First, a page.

Should There Be a Limit on Homework?
Students are always under immense pressure to do well in school, no matter what the cost. They have to figure out how to balance school, their social life, and extracurricular activities. But when they have four or more hours of homework every night, some of those things can’t be included. Also, they don’t want to disappoint their parents or teachers. It might not seem like they have that much homework when you look at individual subjects, but when you have multiple classes per day, it starts to pile up.
The stress starts to build up, too. If each class could only give a certain amount of homework to students each night, students’ lives would be easier. Presumably, homework is supposed to help students retain the information that they learned in class. It should not be something that they stress out over, and it should not prevent them from doing things outside of school because they have too much. According to Gerald K.
LeTendre, “Empirical studies have linked excessive homework to sleep disruption, indicating a negative relationship between the amount of homework, perceived stress and physical health.” So the more homework a student has, the more stressed they are, and the worse it is for their health. If only a certain amount of homework could be given each night, the negative effects on students would go down. Furthermore, many students have extracurricular or other activities that they do after school, such as clubs or sports. If they have too much homework, they may have to start choosing what is more important to them: their grades or their hobbies.
“I believe that children have many outside activities now and they also need to live fully as children.” (Garfield). Students need to able to do what they want, so they can still be kids. Having less homework would give them more time to focus on other things, such as those activities. Another result of too much homework is that kids end up spending less time with family. This can cause tension between family members, and cause trouble at home.
It is important for kids to able able to spend time with their family, especially when they are growing up. Most parents want to be involved in their children’s lives or be able to do things with them, and that can be hard when their child has so much homework that they don’t have time to do anything else. LeTendre said, “Also, when parents and children conflict over homework, and strong negative emotions are created, homework can actually have a negative association with academic achievement. When students have too much homework, it can cause them to spend less time with their family, which can cause more problems. Not having so much homework would enable them to have more family time, which would be better for everyone. However, for some teachers, giving students homework allows them to be able to keep aheadin their classes.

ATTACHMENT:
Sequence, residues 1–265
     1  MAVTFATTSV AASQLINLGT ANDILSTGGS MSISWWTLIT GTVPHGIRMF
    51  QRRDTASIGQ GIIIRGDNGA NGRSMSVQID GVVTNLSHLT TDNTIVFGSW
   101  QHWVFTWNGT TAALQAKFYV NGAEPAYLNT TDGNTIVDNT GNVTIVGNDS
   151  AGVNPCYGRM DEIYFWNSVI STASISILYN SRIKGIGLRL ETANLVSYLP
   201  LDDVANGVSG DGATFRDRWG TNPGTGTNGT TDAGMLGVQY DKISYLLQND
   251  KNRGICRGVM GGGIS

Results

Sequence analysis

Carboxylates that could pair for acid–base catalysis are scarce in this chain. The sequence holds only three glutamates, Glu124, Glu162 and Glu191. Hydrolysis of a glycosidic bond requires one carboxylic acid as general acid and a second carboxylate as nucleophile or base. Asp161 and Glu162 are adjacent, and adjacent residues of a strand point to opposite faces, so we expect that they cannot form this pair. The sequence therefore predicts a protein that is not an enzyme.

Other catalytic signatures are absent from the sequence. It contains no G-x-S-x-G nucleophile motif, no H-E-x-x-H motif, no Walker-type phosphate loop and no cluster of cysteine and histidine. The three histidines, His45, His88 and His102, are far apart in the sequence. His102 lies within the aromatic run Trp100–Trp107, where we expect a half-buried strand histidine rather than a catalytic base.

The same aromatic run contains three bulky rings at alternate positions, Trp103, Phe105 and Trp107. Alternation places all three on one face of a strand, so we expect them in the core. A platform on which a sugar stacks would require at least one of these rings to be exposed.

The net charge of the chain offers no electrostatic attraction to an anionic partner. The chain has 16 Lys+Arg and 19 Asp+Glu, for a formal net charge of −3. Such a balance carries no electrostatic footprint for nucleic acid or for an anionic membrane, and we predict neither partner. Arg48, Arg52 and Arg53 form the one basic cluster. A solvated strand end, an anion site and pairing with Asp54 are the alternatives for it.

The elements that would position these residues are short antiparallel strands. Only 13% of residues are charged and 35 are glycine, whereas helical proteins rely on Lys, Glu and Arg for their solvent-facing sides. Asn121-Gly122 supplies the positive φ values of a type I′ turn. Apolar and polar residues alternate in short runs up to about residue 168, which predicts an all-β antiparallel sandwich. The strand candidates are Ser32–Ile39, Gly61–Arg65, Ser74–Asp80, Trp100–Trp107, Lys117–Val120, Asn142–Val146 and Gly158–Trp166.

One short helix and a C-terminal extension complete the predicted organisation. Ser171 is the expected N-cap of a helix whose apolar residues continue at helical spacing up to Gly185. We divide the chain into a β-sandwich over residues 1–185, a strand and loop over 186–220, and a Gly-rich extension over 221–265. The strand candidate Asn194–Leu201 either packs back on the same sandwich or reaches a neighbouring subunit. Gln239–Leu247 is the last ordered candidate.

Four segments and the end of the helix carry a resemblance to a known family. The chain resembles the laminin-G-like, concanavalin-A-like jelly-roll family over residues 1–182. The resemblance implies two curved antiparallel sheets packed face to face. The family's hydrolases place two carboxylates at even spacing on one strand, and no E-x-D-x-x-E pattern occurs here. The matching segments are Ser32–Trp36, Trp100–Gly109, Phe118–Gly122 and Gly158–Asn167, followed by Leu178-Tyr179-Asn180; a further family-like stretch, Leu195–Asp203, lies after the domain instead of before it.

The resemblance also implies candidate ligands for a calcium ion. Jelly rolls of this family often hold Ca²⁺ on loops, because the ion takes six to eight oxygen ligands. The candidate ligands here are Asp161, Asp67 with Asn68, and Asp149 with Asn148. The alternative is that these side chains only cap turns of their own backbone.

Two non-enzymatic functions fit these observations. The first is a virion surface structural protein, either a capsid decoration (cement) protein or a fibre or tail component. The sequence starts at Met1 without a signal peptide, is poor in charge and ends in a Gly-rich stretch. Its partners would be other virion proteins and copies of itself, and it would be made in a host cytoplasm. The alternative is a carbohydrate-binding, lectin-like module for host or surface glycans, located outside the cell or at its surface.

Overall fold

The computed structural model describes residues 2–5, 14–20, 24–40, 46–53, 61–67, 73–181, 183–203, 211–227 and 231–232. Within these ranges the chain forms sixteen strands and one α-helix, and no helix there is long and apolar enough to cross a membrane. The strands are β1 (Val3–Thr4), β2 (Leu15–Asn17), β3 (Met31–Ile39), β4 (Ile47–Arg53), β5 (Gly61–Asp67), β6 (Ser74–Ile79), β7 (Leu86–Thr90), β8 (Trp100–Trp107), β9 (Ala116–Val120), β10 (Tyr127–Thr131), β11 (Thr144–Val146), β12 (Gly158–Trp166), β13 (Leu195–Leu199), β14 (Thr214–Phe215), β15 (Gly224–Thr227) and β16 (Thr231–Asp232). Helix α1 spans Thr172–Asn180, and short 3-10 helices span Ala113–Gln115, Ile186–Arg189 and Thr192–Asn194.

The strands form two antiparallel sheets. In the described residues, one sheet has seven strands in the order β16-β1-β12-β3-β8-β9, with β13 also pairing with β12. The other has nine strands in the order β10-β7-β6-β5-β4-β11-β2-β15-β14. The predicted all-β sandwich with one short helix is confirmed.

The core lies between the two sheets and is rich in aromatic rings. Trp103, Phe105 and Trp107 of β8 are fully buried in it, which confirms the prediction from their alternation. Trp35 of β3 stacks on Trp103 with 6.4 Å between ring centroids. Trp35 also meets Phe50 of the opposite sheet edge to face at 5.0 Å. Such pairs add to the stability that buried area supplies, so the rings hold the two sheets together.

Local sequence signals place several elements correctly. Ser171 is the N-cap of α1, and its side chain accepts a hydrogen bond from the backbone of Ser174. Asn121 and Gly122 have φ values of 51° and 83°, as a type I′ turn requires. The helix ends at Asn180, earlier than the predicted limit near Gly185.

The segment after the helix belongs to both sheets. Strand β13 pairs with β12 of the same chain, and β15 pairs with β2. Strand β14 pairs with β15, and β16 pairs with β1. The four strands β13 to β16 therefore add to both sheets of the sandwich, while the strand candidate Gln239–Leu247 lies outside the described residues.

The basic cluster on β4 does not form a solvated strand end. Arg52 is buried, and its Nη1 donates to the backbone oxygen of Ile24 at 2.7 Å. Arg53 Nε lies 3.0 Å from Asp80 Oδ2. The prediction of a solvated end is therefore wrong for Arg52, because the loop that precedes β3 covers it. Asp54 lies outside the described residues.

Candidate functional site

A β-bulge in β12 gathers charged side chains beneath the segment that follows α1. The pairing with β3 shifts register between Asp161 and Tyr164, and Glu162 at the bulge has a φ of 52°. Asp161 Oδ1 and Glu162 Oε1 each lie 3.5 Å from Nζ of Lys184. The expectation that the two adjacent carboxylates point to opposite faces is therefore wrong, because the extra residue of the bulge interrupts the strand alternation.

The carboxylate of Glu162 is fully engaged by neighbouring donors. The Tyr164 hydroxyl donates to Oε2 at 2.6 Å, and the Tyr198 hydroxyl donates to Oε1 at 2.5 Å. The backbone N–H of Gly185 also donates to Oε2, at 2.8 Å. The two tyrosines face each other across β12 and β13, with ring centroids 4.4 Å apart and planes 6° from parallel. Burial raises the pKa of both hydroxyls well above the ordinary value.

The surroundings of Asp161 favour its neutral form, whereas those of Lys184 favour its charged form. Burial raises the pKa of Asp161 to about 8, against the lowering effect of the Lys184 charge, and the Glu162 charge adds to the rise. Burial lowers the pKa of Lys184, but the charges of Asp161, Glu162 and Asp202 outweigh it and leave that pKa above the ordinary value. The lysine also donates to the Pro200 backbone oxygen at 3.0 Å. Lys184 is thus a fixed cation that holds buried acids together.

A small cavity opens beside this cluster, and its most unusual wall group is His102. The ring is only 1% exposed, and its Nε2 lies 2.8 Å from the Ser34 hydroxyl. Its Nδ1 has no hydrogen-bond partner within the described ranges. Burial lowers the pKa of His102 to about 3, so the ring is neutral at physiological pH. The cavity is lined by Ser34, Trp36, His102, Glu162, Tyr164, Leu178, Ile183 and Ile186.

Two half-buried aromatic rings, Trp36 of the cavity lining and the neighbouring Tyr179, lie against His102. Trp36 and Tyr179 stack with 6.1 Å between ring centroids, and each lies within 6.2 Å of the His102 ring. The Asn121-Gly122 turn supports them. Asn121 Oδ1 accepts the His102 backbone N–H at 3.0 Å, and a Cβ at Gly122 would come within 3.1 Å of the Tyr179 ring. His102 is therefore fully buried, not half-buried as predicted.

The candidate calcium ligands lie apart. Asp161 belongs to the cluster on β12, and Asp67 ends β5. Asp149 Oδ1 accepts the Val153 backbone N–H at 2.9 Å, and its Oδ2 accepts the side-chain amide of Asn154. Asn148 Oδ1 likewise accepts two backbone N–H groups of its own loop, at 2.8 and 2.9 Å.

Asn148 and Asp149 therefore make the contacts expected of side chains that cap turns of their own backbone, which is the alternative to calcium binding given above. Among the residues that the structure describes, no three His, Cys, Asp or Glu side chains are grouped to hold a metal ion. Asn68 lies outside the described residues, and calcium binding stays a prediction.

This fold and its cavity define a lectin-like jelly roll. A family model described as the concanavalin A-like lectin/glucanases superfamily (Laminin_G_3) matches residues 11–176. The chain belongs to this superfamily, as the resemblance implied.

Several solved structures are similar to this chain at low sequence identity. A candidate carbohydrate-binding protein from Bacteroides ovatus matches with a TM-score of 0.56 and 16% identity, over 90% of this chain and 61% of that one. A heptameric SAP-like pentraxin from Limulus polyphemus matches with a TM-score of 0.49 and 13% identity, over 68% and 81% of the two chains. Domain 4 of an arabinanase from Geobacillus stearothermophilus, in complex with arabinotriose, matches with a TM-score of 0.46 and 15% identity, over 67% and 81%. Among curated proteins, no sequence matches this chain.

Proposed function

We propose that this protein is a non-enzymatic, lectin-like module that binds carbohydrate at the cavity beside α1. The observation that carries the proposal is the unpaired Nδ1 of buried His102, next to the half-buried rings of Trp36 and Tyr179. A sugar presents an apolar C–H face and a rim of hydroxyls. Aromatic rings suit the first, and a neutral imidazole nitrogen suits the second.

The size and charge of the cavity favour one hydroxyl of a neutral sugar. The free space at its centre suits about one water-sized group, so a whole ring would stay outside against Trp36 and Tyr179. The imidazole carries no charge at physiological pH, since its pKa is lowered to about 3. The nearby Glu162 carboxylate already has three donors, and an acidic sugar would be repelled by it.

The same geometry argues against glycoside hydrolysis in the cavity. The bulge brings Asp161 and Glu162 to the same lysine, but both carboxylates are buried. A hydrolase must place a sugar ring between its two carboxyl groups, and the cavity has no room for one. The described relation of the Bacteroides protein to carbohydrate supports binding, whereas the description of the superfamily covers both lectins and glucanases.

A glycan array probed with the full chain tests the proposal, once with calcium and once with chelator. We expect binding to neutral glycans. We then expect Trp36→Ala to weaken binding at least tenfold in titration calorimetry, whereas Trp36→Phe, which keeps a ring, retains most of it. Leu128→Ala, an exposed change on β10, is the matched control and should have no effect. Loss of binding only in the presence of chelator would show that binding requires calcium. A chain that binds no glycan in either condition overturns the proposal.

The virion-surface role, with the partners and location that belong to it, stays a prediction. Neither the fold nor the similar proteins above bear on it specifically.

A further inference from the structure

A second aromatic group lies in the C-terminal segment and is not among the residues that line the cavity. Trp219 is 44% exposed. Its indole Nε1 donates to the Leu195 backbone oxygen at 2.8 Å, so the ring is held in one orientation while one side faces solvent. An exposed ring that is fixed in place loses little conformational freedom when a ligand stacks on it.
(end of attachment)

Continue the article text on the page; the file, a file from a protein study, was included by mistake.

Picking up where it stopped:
Without it, they might need to spend more class time covering a certain topic, which would lead to them teaching less throughout the year. Also, some topics might not be thoroughly covered (Linder). Although this is true,alternatives can be made to giving out too much homework. For example, “The 10-Minute Rule” states that students should do around 10 minutes of homework per night for their grade level. So that would mean that first-graders would have 10 minutes of homework, second-graders would have 20 minutes, etc (Cooper). Another alternative is to let students choose what they want to do for homework, for instance things such as Quizlet, Kahoot!, Blendspace, or something else, so that way they can do something that would be the most helpful for them to learn (Poth).
There are many alternatives to a lot of homework, even if it is just assigning less homework. Just because students have less homework, that does not mean that teachers have to lose out on class time. The effects of having too much homework outweigh the benefits by far. It just causes too many problems, and creates immense stress for students. However, not only students feel the effects.
Parents, and even teachers, can, too. If they had less homework, that would benefit students, parents, and teachers alike. Using alternatives to so much homework would be better. Things like games or flash cards would most likely be more helpful as well. Teachers should take feedback from students on what would benefit them the most, and what they think the best alternative would be. This way, the students would be positively affected, and teachers would not sacrifice essential class time.
Also, this would let students have more free time, and reduce stress. Less homework should become the norm, especially since it would benefit everyone.